Well, the treadmill you’ve been on for decades just stopped. Bam! And that feeling you have right now is the same as if you’d been thrown off your Peloton bike and onto the ground: What just happened? I hope you might consider this: What happened is inexplicably incredible. It’s the greatest gift ever unwrapped. Not the deaths, not the virus, but The Great Pause. It is, in a word, profound. Please don’t recoil from the bright light beaming through the window. I know it hurts your eyes. It hurts mine, too. But the curtain is wide open. What the crisis has given us is a once-in-a-lifetime chance to see ourselves and our country in the plainest of views. At no other time, ever in our lives, have we gotten the opportunity to see what would happen if the world simply stopped. Here it is.
And so the onslaught is coming. Get ready, my friends. What is about to be unleashed on American society will be the greatest campaign ever created to get you to feel normal again. It will come from brands, it will come from government, it will even come from each other, and it will come from the left and from the right. We will do anything, spend anything, believe anything, just so we can take away how horribly uncomfortable all of this feels. From one citizen to another, I beg of you: take a deep breath, ignore the deafening noise, and think deeply about what you want to put back into your life. This is our chance to define a new version of normal, a rare and truly sacred (yes, sacred) opportunity to get rid of the distraction and to only bring back what works for us, what makes our lives richer, what makes our kids happier, what makes us truly proud. That can be seen in every supportive Facebook post, in every meal dropped off for a neighbor, in every Zoom birthday party. We are a good people. And as a good people, we want to define — on our own terms — what this country looks like in five, 10, 50 years. This is our chance to do that, the biggest one we have ever gotten. And the best one we’ll ever get.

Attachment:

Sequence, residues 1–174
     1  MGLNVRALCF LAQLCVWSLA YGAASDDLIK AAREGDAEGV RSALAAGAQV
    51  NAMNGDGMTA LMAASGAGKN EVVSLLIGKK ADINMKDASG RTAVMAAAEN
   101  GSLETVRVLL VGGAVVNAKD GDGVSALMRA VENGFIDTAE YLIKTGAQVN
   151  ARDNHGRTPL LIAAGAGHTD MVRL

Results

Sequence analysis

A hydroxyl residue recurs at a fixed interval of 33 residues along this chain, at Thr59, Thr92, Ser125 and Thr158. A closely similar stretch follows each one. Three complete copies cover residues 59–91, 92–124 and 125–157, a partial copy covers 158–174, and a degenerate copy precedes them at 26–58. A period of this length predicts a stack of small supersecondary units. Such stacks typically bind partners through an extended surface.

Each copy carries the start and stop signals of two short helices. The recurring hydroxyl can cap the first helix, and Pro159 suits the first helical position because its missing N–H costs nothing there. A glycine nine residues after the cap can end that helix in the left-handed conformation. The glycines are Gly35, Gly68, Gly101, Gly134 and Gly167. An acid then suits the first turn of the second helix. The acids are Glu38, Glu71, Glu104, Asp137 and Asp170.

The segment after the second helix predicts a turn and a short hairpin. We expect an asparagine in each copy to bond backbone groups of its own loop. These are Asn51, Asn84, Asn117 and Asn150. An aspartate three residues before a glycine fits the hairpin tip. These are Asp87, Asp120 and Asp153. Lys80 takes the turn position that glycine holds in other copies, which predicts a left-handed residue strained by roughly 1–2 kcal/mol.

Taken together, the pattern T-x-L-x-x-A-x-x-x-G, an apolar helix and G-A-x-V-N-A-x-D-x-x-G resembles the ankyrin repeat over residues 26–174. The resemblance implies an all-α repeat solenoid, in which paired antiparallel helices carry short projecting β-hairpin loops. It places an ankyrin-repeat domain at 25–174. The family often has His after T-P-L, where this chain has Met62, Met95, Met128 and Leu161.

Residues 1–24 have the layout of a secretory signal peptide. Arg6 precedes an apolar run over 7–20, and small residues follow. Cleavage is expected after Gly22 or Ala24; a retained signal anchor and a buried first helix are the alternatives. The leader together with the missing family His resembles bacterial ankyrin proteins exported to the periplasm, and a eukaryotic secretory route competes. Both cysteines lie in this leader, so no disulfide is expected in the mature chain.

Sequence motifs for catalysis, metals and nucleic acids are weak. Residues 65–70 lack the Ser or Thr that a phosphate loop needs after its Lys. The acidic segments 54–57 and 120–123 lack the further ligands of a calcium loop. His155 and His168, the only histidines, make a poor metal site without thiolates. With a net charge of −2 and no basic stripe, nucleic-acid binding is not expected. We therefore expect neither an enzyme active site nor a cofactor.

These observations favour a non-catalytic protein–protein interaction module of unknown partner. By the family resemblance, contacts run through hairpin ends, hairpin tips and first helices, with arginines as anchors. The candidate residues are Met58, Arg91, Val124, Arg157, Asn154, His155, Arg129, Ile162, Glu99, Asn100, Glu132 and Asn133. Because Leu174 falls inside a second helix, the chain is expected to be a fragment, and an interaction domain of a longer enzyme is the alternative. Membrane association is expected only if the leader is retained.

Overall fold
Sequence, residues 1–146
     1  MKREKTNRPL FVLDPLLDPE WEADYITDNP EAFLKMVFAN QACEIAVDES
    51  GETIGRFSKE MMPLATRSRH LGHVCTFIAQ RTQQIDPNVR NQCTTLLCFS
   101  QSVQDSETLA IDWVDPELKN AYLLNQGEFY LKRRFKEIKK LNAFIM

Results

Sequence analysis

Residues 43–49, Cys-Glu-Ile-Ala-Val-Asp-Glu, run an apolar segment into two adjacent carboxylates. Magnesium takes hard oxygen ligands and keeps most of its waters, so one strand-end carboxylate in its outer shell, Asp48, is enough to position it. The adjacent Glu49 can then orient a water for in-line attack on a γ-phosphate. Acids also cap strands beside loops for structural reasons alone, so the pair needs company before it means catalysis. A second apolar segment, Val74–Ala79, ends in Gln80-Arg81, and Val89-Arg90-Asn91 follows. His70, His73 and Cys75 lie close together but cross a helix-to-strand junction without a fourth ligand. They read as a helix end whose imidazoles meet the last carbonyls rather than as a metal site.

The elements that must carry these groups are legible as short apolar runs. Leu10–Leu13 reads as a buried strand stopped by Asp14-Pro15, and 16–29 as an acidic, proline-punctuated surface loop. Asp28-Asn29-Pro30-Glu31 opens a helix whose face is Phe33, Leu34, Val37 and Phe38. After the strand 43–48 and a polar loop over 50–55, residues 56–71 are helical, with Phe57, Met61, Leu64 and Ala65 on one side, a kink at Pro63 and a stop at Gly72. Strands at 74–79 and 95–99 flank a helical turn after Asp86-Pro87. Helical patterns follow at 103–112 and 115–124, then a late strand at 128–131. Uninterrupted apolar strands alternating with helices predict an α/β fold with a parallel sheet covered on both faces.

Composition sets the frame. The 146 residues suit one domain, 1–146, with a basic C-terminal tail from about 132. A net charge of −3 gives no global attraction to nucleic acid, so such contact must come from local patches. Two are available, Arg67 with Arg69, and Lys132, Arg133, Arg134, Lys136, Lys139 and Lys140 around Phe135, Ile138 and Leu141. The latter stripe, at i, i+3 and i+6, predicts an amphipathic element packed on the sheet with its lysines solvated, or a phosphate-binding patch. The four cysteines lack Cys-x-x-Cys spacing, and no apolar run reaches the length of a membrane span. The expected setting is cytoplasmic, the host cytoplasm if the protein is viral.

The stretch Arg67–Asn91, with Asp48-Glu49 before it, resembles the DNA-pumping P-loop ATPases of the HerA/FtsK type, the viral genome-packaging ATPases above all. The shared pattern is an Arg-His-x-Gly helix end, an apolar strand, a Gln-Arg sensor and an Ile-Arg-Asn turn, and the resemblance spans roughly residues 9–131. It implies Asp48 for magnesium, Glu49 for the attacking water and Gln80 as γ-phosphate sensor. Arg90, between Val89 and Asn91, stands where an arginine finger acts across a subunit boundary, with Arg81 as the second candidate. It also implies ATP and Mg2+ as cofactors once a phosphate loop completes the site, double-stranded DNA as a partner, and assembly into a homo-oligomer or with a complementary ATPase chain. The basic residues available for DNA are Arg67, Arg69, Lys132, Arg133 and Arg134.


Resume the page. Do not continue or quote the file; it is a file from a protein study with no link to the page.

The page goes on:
We can do that on a personal scale in our homes, in how we choose to spend our family time on nights and weekends, what we watch, what we listen to, what we eat, and what we choose to spend our dollars on and where. We can do it locally in our communities, in what organizations we support, what truths we tell, and what events we attend.
– Julio Vincent Gambuto